Family Law Update: When should a ward of court be permitted to attend a foreign trial to give evidence?

Tuesday 2 April 2019

Re X (Wardship) (Foreign Proceedings: Child’s Evidence) [2019] EWHC 91 (Fam)

Case concerned two boys, X who is 12 years old and Y who is 8 years old. Both were wards of the court. The application was for X to travel to India to answer a witness summons issued by the criminal court in India for him to give evidence at the trial of his mother who was charged with killing X’s father.

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The Guardian considered the child’s views to be authentically his own and considered that if the child were denied the opportunity to give evidence at the criminal trial, this would impact adversely on his psychological wellbeing and cause anger and frustration.

Munby P in Re Ward of Court [2017] EWHC 1022 (Fam) held that there is no principle or rule for judicial consent to be required for wards of court to be interviewed by the police or to be called to give evidence in a criminal trial in this jurisdiction. There was no direct authority to be applied in the circumstances where the ward of court is being summoned to give evidence at a criminal trial in another jurisdiction. The issue for the court was whether it should apply the same approach it would have done had the criminal trial been in the UK.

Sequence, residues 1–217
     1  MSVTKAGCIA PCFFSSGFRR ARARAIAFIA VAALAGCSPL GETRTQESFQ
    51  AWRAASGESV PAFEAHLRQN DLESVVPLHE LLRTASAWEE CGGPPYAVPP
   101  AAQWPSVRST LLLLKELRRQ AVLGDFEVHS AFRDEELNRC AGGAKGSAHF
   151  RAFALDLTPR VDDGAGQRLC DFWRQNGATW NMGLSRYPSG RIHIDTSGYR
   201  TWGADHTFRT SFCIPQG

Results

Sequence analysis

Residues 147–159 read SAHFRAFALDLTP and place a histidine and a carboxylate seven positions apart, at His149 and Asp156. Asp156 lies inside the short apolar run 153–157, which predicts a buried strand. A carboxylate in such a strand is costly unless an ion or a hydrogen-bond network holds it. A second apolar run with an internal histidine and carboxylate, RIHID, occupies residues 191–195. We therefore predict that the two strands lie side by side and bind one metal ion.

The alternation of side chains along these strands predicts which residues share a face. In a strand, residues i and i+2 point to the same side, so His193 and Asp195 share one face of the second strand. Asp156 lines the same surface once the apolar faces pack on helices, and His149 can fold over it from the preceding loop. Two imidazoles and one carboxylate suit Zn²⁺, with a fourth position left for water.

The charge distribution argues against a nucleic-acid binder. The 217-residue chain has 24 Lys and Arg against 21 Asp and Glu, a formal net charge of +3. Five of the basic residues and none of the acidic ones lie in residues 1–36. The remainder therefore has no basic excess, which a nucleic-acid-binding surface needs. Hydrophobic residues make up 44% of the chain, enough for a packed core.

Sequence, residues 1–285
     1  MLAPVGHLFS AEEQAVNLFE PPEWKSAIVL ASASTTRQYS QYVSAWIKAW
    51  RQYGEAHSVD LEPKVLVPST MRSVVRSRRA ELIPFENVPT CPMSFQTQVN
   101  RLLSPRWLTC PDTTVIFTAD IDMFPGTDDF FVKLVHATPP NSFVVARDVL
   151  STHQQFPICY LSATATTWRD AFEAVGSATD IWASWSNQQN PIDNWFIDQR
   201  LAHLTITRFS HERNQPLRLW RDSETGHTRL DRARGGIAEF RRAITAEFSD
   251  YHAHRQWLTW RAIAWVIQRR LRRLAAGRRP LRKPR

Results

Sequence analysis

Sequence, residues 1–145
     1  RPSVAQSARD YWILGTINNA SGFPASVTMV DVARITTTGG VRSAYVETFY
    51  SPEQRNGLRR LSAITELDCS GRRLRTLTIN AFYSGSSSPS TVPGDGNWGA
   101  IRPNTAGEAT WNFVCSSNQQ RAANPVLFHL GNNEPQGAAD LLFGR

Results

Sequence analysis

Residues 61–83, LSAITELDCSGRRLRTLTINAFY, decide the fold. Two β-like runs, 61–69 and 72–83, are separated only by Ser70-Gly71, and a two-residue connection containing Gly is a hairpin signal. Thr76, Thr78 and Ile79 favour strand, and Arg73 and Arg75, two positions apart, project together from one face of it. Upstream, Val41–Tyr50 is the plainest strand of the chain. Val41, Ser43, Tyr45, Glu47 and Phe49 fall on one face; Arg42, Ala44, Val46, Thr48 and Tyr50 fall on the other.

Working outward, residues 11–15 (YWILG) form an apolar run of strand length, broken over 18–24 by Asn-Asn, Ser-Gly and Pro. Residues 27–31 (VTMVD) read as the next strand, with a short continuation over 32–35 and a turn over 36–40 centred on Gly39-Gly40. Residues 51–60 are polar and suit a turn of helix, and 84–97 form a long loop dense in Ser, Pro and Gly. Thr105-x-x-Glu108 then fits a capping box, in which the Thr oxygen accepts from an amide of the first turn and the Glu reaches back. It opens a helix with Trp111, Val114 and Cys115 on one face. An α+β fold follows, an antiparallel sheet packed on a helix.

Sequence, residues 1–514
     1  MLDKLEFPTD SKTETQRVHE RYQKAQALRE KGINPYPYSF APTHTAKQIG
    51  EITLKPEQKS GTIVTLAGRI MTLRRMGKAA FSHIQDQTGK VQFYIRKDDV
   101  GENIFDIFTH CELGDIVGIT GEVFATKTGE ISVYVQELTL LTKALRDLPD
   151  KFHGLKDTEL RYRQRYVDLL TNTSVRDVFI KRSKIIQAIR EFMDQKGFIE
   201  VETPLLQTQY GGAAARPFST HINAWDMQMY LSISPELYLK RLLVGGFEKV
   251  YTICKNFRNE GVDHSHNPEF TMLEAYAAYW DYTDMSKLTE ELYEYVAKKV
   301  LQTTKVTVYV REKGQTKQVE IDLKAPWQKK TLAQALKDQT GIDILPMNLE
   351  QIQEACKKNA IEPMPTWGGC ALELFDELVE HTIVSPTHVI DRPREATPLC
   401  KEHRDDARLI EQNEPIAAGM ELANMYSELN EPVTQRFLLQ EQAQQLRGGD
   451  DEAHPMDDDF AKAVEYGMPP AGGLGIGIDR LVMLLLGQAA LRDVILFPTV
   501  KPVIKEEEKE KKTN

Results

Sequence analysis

The court established the following principles when determining the issue.

  1. There is no presumption against a ward giving evidence in proceedings merely because they take place outside the jurisdiction.
  2. The court will respect the legal processes in other jurisdictions and the court should ascertain information about
    a) The trial process, including measures to facilitate the child giving evidence; and
    b) The issue to which the child’s evidence is directed.
  3. The ward’s welfare is relevant but not the paramount consideration. Regard should be had to the Re W factors. The court will consider the advantage giving evidence may bring to the particular child, as well as the damage it may cause.
  4. The balancing exercise as set out point 3, must have regard to point 1 and 2 which carry great weight.

Katherine Duncan is a member of the Garden Court Family Team.

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